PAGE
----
The Claddagh is an area of Galway City that is unique and is probably best known because of the Claddagh ring. Galway is known since medieval times as the City of the Tribes and in the Claddagh they still have a tradition of voting one local person to the lifelong position of being their King.

When I held the book launch, my first ever, people came from all corners. But can you imagine the absolute thrill of seeing the real King of the Claddagh come through the entrance, accompanied by the Deputy Lord Mayor of Galway? Believe me, I was speechless for a change. Really chuffed I can now claim to have a Lord Mayor and a King attending my book launch. I’m not sure how many authors can claim that honour.

How did it continue? 

After Flappy, there followed the stories of Billa and Buster, The Golden Key of Wisdom, The Listening Tree and then finally, Emily and Tristan. They deal with issues such as depression, teamwork, kindness, guidance, friendships and more. Each book has a list of discussion points and fun facts about the relatable animal characters in the story.
At a minimum, these books are good readers for children aged 6 – 12 years, but my wish is that the books are used by adults with children as a platform where these topics can be discussed, golden memories created and coping skills developed. 

How would I describe my writing journey? 

I would describe it like a disco ball. You know the one with the thousand little mirrors all reflecting light? Each mirror was an experience that filled me with joy along the journey. Whether it was the fact that I could be a role model to my son who wants to be a writer, breaking down barriers in his mind to the possibilities or whether it was the people I met. All these combined joys helped catapult me out the hard years I had recently put behind me – and that I did through the books, put bad times firmly behind me.

So, when Tony offered me to guest blog on his website, I had to write my story. While the mission of my books is to educate children on social issues they have nowadays, the mission of this article is to encourage absolutely everyone to write.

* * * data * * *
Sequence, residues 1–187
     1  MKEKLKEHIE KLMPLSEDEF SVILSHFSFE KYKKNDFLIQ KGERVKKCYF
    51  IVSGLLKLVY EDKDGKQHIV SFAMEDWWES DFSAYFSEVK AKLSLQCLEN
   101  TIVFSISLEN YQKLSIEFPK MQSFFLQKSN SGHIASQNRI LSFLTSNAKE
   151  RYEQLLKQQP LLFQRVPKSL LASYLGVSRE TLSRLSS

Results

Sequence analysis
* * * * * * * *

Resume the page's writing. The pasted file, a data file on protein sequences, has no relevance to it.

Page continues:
Besides being a wonderful experience, there is a story to tell in each and every one of us and there is always someone who needs to read your story, whatever it may be. I want to encourage you to get writing and create your own disco ball. The journey alone is worth it. Believe me.

 Martha Begley Schade

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About the Author

Born in Ireland, Martha Begley Schade, B.Sc., MBA has over 25 years of experience in Quality and Production Management, working globally with a focus on German, Austrian, Swiss and Italian Automobile supplier industries. Further qualifications include: ISO9000 Certification Auditor, EFQM Assessor, Green Belt in Lean Six Sigma, Training and Business coach and more. Martha is a born storyteller, having grown up with the tradition in the family. While running her own online training business called Business Online Learning, she also turned her hand to authoring children’s books. Rising to a challenge she has now completed five individual books and one compilation book “Galway Fairytales”. These are all educational in nature, addressing social topics that affect children nowadays. Find out more on Facebook and Twitter @GalwayFairytale 

28 July 2020

Special Guest Post by Jackie Cosh, Author of The King with the Iron Belt: The life of King James IV of Scotland

New on Amazon UK and Amazon US